Squatters invade land while claim drags on
Hazyview - A protracted land claim involving two tribal authorities in Mpumalanga has resulted in an invasion by squatters.
It's been 14 years since the Injaka-Waterval Community Property Association laid claim to two pieces of land, including Injaka 267 KU, which has been invaded, in Marite near Hazyview.
CPA chairperson Enos Mkhonto said Injaka was one of the areas that the South African government bought from white farmers after 1994 so that dispossessed communities could claim it back.
"After 1994, the government bought the land from the white farmers who forcefully evicted the original settlers in the area. Now we are waiting for the outcome of the land claims in order to establish the ownership of the land," said Mkhonto.
He said the before white farmers settled in the area, the land was owned by members of the current Mathibela tribal authority.
Mathibela tribal authority spokesperson Shanke Mokoena said his ancestors settled in Injaka between the 1400s and 1600s until the apartheid government forcefully removed them in 1940.
"Between 1940 and 1972 all our people had already left the area to make way for farming development. The graves of my ancestors are all there," said Mokoena.
Leader of the Mathibela tribal authority, chief Lameck Mokoena, told African Eye News Service that unknown people were selling plots to people who have now started erecting structures on the land.
"I don't even know the name of the people who are selling my land, [but] I am ready to organise my people to evict them," he said.
The chief warned those who had already erected structures to remove them or face forceful eviction.
He also warned that none of the "illegal" occupants would receive services from government because the land was not included in the municipality's Integrated Development Plan (IDP).
"There will be no service delivery on that part of the land because it does not appear in the IDP. If we let these people build their houses, after some years they will start protesting and demanding service delivery," said Mokoena.
Mokoena added that some government officials had promised to protect the land, but failed to do so.
"One of the officials from the government promised me that they would protect our land [from invasion], but they never did. These people continue to erect their structures without my permission," he said.
Zida Mashele, 53, one of the land claimants, said the claimant group was ready to evict any squatters once the land claim is been settled.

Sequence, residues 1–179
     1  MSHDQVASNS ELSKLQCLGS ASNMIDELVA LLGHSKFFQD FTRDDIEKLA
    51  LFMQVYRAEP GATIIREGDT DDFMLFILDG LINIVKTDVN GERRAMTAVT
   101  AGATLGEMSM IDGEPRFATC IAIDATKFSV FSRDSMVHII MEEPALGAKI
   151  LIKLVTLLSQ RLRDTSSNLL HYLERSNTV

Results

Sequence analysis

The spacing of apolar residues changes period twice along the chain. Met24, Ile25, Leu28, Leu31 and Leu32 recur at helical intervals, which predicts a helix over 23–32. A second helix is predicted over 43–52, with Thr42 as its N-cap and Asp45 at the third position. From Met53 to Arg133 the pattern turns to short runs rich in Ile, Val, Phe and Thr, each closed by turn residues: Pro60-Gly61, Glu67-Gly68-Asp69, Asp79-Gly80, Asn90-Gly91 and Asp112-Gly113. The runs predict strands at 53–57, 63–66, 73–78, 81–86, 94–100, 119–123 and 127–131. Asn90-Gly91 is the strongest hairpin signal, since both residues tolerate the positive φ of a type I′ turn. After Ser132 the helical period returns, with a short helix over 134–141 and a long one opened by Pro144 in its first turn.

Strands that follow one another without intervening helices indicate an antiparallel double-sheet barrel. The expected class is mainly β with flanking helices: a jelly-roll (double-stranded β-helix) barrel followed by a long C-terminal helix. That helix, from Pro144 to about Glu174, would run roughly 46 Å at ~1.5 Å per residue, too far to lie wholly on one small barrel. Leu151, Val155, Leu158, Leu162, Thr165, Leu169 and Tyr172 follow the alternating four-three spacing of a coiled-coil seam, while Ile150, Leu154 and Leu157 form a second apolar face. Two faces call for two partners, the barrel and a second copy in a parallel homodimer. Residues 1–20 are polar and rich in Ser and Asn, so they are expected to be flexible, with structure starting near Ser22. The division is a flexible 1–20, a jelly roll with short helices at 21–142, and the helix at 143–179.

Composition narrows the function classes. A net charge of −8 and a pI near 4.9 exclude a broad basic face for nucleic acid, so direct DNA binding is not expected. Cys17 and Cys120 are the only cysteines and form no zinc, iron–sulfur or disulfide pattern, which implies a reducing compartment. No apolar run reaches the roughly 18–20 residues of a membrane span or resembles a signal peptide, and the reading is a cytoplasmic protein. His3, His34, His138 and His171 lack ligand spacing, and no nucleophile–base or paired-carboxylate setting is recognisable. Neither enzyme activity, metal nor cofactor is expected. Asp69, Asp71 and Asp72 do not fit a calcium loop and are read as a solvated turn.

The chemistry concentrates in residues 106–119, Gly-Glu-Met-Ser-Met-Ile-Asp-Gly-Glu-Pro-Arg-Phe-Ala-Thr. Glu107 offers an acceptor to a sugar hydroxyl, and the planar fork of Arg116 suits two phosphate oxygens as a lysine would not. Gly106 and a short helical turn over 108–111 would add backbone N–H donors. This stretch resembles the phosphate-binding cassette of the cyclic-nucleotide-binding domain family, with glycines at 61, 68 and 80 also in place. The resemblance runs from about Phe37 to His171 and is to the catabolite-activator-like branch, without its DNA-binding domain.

"I don't understand why these people are building on our land. After winning back our land we will forcefully remove them. I was shocked when I passed there and saw people erecting structures in the land of my ancestors," said Mashele.
National spokesperson for the department of rural development and land reform, Eddie Mohoebi, confirmed the land was under claim.
"I can confirm that the land in question has been claimed. I therefore advise the people not to invade the land pending the outcome of the claim," said Mohoebi.
Bushbuckridge municipal spokesperson Matome Malatjie urged the squatters to stop building their houses there.
"You can't predict the results of the commission, therefore, we highly recommend that people should wait until they are sure about the ownership of the land they are about to occupy.
They should make sure that they inform the municipality before moving in," said Malatjie.
Another tribal authority, the Kgarudi tribal authority, is contesting the claim.
Some of the so-called squatters said they had bought plots from officials at the Kgarudi Tribal Authority, led by Chief Steven Mogane.
Spokesperson for the Kgarudi tribal authority, Henry Maboa, denied that people were being allotted plots.
"I know that the land you are talking about belongs to us, but I know nothing about the sale of plots. We have the papers to prove that the land is ours," said Maboa.
Maboa said the apartheid government gave them authority over the land between 1912 and 1925.
Maboa said he was struggling to fax AENS documents proving their ownership of the land.